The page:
#26 Teamwork makes the Dream work – A Guide to Research Collaborations? 

Episode Host:

Jason Frank

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Episode Article

Sbaity, E., Zahwe, M., Helou, V., Bahsoun, R., Hassan, Z., Abi Khalil, P., & Akl, E. A. (2023). Health Research Collaborations by Academic Entities: A Systematic Review. Academic Medicine, 98(10), 1220. https://doi.org/10.1097/ACM.0000000000005277

Wouldn’t it be great to win that Nobel prize in educational rocketsurgery by publishing that great multi-institutional medical education study?! We review a paper on research collaborations looking for tips on how to do it right.  


During your career as an educator, have you had the experience of being in a multi-institutional research collaboration? How was it? 

Perhaps many educators would like to be part of a great research collaboration. Wouldn’t it be great to win that Nobel prize in educational rocketsurgery by publishing that great multi-institutional meded study? 

There are obvious challenges: finding and recruiting collaborators, multiple Institutional Review Boards, logistics, time zones, funding…Not to mention the many human egos, diverse cultures, and quirks of personality. Research collaborations can be thrilling intellectual adventures or a nightmare of dysfunctional cooperation. Wouldn’t it be useful to have a framework to discuss research collaborations to help ensure success? 


Enter Eman Sbaity et al, a team from the American University of Beirut Medical Centre. The authors set out to “review the literature on health research collaborations by academic entities and to identify the main phases, components, and concepts of these research collaborations.” The authors posed that the COVID pandemic was perhaps the world’s greatest research collaboration, yet pandemic research suffered endless examples of lack of collaboration (e.g. 235 registered separate trials of hydroxychloroquine, sigh). 


The authors set out to conduct a systematic review to answer their question, guided by the PRSMA checklist. They used the research collaboration definition published by Katsouyanni (2008). The team searched 4 databases (Medline, Google Scholar, Web of Science, and ProQuest Dissertations) from inception to March 2022(!) and included papers that discuss health research collaboration. They describe duplicate screening, calibration, selection, and duplicate full-texts review. They used an extraction form and calibrated. They recorded collaboration data on: setting, type of collaboration, multidisciplinarity, countries, funding, and collaboration concepts. No critical appraisal. They conducted a thematic analysis of the descriptions of the collaborations.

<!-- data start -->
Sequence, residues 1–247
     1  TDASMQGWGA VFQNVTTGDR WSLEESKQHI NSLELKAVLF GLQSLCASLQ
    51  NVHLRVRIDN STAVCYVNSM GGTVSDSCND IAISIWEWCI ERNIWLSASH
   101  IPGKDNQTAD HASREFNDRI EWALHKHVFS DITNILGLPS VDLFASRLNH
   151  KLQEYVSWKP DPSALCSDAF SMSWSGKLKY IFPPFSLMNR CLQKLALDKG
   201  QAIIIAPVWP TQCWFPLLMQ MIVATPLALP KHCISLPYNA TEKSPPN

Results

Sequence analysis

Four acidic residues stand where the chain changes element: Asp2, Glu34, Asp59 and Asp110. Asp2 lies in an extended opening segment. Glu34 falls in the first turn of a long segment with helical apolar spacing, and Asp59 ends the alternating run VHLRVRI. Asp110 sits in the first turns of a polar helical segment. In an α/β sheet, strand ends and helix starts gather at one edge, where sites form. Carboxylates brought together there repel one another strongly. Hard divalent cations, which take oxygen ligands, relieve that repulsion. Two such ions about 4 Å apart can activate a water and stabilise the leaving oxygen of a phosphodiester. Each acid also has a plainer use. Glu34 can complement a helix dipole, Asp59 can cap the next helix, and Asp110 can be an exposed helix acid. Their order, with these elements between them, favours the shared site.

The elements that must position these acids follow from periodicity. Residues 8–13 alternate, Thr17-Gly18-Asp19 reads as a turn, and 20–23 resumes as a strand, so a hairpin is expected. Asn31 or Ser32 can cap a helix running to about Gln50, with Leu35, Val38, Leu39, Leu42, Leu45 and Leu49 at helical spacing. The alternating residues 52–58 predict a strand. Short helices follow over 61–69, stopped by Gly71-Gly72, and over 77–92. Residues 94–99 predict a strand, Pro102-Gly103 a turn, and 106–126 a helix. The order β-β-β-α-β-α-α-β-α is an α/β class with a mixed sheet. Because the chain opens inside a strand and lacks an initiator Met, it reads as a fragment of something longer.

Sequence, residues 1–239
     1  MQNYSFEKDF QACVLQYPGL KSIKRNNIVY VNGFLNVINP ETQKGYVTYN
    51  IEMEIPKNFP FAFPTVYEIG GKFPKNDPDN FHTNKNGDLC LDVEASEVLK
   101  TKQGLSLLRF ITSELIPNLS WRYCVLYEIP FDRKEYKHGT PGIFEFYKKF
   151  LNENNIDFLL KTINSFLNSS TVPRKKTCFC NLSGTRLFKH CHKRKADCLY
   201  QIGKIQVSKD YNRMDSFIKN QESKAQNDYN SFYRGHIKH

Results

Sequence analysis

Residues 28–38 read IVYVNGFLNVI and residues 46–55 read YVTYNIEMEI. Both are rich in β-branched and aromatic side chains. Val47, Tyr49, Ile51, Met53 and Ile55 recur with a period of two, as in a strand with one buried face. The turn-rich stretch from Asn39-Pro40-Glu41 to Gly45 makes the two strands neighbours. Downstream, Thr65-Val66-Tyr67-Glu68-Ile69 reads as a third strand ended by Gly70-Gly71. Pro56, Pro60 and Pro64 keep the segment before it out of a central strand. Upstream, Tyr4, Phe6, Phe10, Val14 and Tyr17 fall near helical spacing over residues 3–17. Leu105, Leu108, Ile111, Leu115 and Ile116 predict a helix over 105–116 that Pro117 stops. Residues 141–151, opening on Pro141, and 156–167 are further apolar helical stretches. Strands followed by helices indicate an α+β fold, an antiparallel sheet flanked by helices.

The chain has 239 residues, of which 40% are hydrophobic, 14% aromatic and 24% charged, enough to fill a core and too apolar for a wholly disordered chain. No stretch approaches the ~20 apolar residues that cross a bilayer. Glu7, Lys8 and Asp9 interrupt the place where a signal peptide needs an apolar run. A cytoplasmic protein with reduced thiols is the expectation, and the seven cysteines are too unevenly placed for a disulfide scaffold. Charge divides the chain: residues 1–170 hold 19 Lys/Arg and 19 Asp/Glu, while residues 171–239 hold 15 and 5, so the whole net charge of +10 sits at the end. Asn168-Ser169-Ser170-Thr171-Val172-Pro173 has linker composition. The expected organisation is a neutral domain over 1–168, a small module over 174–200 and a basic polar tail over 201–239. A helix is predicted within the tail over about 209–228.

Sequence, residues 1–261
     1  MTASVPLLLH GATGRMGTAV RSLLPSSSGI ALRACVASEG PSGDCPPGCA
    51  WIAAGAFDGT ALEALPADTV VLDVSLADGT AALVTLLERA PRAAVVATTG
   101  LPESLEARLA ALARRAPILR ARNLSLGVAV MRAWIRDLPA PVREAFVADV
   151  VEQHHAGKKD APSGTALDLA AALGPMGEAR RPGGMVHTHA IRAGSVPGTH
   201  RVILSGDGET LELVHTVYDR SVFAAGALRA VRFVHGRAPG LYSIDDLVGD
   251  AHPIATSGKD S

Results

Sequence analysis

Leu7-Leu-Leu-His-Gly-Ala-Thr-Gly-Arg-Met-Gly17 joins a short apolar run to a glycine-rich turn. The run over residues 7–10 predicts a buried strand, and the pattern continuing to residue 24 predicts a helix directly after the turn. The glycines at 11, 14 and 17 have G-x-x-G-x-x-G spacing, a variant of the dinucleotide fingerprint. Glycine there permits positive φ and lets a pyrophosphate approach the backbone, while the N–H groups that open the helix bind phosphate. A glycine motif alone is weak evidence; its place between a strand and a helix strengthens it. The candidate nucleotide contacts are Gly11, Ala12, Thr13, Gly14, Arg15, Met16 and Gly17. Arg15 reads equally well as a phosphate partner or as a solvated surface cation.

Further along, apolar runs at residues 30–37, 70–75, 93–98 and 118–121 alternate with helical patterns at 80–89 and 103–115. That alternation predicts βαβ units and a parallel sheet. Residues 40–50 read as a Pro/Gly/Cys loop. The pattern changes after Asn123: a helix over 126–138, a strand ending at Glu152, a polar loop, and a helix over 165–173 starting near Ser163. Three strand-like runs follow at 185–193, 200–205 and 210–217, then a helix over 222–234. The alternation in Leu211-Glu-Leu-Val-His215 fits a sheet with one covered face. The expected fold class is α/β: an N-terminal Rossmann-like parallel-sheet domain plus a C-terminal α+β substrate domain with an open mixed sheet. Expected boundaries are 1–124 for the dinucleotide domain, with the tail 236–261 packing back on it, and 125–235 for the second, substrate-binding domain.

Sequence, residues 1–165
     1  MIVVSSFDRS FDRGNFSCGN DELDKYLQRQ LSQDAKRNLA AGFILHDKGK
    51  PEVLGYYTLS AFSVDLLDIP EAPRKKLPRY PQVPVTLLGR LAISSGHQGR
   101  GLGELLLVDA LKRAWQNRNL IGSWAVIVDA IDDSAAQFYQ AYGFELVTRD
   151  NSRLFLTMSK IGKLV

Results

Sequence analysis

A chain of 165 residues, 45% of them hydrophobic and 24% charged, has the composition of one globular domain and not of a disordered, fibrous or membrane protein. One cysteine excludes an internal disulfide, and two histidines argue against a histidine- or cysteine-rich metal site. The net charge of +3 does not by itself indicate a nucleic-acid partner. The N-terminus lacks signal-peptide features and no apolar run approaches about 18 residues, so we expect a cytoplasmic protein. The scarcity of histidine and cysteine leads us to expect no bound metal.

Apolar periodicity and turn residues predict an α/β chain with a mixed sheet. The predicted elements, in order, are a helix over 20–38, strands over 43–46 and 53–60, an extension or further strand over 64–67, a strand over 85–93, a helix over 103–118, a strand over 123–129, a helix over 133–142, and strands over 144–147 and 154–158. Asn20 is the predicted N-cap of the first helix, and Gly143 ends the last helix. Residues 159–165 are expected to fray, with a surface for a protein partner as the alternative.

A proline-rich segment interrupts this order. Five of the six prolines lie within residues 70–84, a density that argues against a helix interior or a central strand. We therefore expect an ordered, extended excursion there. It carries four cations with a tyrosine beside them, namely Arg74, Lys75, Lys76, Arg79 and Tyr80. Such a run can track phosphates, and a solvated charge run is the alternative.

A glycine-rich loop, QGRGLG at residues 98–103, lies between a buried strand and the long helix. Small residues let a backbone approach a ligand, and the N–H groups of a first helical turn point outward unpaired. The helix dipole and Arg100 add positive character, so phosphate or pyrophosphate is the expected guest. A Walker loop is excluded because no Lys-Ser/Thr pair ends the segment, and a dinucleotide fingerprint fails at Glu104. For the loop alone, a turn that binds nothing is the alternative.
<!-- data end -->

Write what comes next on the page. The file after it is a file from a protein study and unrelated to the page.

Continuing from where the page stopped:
7846 papers were identified initially, with 59 ultimately included. 55 were case studies of a single project. 45 were multidisciplinary. Most were from the US and Europe.  

The authors identified 4 “phases of collaboration” after reviewing the available papers:

Phases of collaboration and their under categories

Success factors included: 

  • Clearly assigned roles, tasks
  • Adequate timeline
  • Necessary infrastructure
  • Good Communication
  • External funding
  • Collaborative mindset
  • Fair distribution of workload, resources, and rewards
  • Commitment to tasks


The authors concluded that there is evidence that researchers in general have difficulty identifying and adopting good practices for research collaborations. Their review provides a framework of characteristics and success factors.  

A systematic literature review lives and dies by the narrowness of the question, because you trying to answer a very narrow question using the data that’s available to answer that narrow question as a data set. Reading the study question i first thought it was a scoping review when you are trying to get a breadth of understanding

Lara Varpio on the research question:

Suggested resource in Litterature review

Literature Reviews Explained (LITR-EX) Evidence-Informed Practical Guides to Conducting Literature Reviews in (but not limited to) Health Professions Education


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